|Erik Homburger Erikson|
|Born:||1902 - Germany|
|Died:||1994 - Harwich, Massachusetts|
|Education:||Vienna Psychoanalytic Institute|
|Achievements:||One of the most important of the developmental psychologists Erik Erikson's concepts of development examine the individual's entire lifespan.|
Upon graduation from Germany's equivalent of high school, Erik Erikson decided to pursue an artistic path. Wandering across Europe, he recorded his observations in etchings and woodcuts as well as in the written word. He enrolled in a succession of art schools and became accomplished enough to have several exhibitions of his work. The turning point in his career came when he settled into teaching at a school for American children. It happened that many of the children's parents had come to Vienna for analysis with Sigmund Freud.
Erikson met Freud and his family and was attracted to them both personally and professionally. He entered the prestigious Vienna Psychoanalytic Institute, first as a subject of analysis by Anna Freud, Sigmund's daughter, and then as her student. Erikson has acknowledged that much of his theoretical work on identity crisis was influenced by his own feelings of alienation and confusion. With the political scene deteriorating in Europe as Hitler's power increased, Erikson left for the United States in 1933, where he joined the faculty of the Harvard Medical School and opened Boston's first psychoanalyst practice for children.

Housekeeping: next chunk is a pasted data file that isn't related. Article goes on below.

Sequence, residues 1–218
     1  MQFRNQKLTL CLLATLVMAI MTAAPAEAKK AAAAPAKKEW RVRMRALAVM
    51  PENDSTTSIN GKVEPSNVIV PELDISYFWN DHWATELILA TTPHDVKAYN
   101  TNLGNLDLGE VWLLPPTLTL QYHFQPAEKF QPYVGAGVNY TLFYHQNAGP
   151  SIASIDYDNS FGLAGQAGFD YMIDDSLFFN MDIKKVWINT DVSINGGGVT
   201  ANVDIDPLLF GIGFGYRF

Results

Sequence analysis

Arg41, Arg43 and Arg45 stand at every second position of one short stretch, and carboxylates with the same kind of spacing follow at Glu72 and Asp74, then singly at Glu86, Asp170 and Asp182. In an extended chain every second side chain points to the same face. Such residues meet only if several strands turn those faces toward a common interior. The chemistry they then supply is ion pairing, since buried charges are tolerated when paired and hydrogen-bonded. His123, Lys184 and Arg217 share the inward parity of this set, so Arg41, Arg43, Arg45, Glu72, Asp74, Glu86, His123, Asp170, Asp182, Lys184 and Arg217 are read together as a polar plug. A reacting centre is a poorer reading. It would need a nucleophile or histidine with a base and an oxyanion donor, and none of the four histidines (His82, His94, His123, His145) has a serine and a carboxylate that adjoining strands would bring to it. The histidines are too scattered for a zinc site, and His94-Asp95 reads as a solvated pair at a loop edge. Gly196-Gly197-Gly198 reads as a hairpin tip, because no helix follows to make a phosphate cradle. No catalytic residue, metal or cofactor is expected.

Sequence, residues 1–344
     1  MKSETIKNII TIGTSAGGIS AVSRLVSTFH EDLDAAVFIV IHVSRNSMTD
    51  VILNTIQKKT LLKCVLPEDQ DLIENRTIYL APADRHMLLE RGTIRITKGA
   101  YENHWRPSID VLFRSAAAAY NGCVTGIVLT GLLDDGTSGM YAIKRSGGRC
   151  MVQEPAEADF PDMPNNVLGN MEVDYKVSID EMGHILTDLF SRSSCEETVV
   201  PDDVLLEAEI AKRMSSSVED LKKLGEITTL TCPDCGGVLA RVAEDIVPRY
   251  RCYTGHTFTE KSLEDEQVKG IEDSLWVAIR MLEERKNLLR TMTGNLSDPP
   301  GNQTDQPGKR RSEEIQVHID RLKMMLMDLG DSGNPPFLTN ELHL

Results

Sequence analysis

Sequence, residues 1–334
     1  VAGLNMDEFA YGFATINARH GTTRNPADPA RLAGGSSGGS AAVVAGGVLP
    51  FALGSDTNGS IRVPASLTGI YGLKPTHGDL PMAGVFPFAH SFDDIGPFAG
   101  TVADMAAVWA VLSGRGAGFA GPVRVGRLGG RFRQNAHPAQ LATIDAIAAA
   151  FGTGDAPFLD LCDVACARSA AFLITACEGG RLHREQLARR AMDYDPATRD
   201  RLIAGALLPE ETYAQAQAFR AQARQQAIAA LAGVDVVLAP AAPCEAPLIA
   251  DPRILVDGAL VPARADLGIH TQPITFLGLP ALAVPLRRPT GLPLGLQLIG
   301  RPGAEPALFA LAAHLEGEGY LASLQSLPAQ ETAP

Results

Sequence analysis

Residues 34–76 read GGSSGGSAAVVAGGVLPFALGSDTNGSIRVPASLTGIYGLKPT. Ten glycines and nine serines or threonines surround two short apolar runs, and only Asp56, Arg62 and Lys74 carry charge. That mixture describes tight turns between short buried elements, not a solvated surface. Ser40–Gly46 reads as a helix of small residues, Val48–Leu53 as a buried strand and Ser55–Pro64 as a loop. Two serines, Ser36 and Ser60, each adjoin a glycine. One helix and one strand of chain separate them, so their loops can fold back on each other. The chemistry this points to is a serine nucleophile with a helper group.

At Harvard, Erikson worked on integrating psychoanalysis with psychology and anthropology, while retaining an emphasis on child development. His research evolved into a groundbreaking theory of eight psychosocial stages, each marked by a conflict or crisis, through which individuals develop during the course of life. Erikson regarded these crises as turning points that must be resolved if one is to enjoy healthy psychosocial development.
With Freud, Erikson was one of the most influential champions of the psychodynamic perspective. Although he began as a student and follower of Freudian psychoanalysis, Erikson's most significant contributions arose when he departed from the Freudian focus on the period from infancy to adolescence and extended the study of development to encompass the rest of the lifespan. The notion that people continue to develop throughout the lifespan has had great impact on the study of development and deepened our understanding of the aging process.